When we left off last week, Footprints on the Mendocino Coast had John Simpson Ross hurrying to finish his house in Caspar before his family arrived from Canada. In mid-June of 1870, before the house was completely ready, Jane Ross and the three children (William, John, and Lizzie) and her aged parents,  Ann and Robert Ralston, disembarked from the Cora down in Caspar Cove. Members of the traveling party were housed by three hospitable friends for a couple more weeks while the house was made habitable. 

House with front porch surrounded by tall grass and trees

The Ross house may be old, but “its bones are still good,” according to a neighbor.

The land had to be rendered useful too and father-in-law Ralston was just the man for the task: “He was a great worker and a giant to wield an axe, and lost no time after his arrival.” Ralston and the Ross boys cleared the land around the house, “waging a steady war on brush and roots; their fires burned continuously.” They planted 18 apple seedlings for an orchard, but, “as the season was well advanced,” they were unable to plant a garden the first year. That was a source of concern for someone who relied on the kindness of strangers and the bounty of Mother Nature. 

Having grown up poor and orphaned in Scotland, on the day the family moved into the house, Ross “was especially elated and joyful…to have a house of my own. I had never experienced that joy before. My memories … brought before me a tenant at the mercy of an arbitrary landlord, who could eject us at his pleasure. To me, the acquisition of a house was everything.” 

In the spring on 1871, Ross was eager to plant a large garden and one of his congregants, a Mr. McPherson, owner of the Noyo and Albion mills, gave him three bags of seed potatoes. “We planted them and had a wonderful yield. They were tasteful and the most inviting I had ever seen.” Ross grew enough potatoes and other vegetables (beets, carrots, turnips, cabbage) to sell the surplus to the Caspar lumber company for the millworkers and the loggers in the inland camps. He estimated that he sold 20 tons of vegetables that year.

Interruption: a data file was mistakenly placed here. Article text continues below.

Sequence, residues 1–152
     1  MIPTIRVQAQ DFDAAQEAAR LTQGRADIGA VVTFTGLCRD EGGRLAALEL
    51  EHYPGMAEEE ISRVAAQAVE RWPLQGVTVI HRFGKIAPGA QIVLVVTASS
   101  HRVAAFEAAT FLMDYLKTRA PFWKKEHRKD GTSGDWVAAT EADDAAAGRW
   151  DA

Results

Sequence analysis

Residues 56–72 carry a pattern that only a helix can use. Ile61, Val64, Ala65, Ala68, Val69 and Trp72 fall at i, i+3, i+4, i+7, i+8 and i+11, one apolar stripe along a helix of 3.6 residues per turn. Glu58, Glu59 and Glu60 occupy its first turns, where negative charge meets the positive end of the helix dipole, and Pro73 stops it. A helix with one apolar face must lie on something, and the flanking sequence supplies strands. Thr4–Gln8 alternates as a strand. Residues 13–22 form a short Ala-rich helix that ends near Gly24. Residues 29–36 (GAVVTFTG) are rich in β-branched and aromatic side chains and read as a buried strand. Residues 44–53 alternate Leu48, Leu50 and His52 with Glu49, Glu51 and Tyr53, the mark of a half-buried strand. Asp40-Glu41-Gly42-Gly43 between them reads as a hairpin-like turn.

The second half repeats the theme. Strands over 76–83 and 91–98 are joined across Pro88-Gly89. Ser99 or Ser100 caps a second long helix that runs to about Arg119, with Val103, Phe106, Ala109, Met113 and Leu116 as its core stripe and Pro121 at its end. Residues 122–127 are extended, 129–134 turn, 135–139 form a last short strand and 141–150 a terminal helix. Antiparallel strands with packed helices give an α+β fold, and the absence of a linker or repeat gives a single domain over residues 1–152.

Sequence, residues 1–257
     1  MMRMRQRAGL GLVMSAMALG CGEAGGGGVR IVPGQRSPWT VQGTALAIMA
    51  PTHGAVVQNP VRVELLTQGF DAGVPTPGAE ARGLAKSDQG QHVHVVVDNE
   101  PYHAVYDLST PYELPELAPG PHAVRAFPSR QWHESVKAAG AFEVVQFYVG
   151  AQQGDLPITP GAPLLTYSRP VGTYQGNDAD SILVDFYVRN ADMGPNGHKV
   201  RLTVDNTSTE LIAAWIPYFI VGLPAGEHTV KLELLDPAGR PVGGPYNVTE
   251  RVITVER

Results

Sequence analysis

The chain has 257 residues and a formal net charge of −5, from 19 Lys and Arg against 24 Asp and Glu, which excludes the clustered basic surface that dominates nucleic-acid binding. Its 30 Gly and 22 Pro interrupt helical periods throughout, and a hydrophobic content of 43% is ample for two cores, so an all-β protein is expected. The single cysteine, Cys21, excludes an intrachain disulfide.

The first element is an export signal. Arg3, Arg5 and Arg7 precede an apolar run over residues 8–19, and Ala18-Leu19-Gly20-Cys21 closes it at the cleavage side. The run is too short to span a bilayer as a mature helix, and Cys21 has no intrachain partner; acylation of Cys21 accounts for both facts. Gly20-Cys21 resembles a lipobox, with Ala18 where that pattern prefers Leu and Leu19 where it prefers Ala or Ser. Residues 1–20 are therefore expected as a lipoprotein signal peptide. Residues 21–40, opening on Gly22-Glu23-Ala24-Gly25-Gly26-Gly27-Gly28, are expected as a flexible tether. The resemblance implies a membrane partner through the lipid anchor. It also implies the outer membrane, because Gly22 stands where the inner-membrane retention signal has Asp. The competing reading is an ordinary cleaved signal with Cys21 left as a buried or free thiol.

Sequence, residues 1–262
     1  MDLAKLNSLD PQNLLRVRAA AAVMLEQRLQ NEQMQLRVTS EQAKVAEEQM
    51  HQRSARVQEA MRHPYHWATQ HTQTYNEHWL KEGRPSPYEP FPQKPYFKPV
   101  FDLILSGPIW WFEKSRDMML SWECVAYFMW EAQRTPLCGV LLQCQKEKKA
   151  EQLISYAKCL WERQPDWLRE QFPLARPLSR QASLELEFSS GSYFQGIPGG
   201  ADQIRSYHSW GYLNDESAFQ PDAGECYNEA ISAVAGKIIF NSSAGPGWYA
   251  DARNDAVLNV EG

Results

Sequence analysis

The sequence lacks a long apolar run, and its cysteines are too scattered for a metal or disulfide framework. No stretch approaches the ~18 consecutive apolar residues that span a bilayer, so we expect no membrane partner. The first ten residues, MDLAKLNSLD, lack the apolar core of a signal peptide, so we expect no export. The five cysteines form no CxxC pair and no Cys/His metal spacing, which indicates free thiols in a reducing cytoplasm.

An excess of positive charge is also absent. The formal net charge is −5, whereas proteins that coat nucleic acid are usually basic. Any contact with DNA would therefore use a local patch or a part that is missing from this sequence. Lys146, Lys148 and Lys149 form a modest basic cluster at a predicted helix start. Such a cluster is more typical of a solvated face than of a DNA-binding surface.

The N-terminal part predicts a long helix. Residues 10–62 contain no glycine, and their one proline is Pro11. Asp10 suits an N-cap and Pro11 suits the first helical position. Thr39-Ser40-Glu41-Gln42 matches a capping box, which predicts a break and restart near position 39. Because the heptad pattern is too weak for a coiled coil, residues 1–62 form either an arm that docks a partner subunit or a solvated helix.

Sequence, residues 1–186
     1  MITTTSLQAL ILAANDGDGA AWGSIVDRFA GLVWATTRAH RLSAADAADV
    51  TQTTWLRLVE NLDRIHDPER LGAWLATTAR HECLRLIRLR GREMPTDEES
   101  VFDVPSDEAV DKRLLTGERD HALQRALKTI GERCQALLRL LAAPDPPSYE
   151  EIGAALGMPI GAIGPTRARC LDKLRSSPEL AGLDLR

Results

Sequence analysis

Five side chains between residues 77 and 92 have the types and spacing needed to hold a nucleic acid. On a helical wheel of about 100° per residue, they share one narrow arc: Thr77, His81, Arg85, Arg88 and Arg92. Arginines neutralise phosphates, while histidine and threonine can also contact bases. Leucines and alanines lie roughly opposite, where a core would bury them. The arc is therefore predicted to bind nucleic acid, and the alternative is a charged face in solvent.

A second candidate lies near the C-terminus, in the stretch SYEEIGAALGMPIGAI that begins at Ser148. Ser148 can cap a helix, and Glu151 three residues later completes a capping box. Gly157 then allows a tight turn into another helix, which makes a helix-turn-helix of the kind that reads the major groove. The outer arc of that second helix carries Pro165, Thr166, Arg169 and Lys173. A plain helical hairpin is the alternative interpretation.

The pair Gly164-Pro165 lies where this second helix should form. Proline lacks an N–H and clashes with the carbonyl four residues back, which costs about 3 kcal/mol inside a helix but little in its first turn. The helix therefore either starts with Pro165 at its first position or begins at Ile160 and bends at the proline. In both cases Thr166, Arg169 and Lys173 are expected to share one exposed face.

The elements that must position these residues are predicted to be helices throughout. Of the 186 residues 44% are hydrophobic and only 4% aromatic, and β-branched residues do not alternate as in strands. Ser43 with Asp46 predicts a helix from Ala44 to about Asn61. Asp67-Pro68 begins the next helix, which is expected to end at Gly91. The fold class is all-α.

Two more Ross children were born in the early Caspar years—Robert Ralston (1872) and Anne (1874)—so the modest house must have been snug. Ross feared that, “The wild and reckless life on the frontier was unfavorable to the children. When he was absent (which was often) on preaching tours, “Mrs. Ross would take them out to orchard on the Lord’s day afternoons. This was more secluded than beside the road in front with the travelling public on the march.” 

In 1883, John and Lizzie were sent off to Woodstock College, a Baptist institution in Ontario, Canada, from which they graduated in 1886 and returned to the Mendocino area. Nothing more about the house or the children is mentioned in Ross’ memoir, but we know from other sources that the kids all turned out OK. When Ross retired from active ministry in 1903, he and Jane moved to a ranch north of Cleone that had been homesteaded by Robert Ralston and William Ross in the 1880s. 

What became of the Caspar house then I have yet to determine. The current owner has cleared out some old eucalyptus and cypress from the grove north of the house, but beyond that, nothing has been done to the 152-year-old house. When I learn more, you will be the first to know.

The July 4th party returns to the Kelley House lawn this year, so don’t miss it. Thursday through Sunday, the Kelley House is open from 11:00 AM to 3:00 PM. Contact us at info@kelleyhousemuseum.org to make an appointment, or just drop by. Walking tours of the historic district depart from the Kelley House regularly; for tour schedule, visit www.kelleyhousemuseum.org.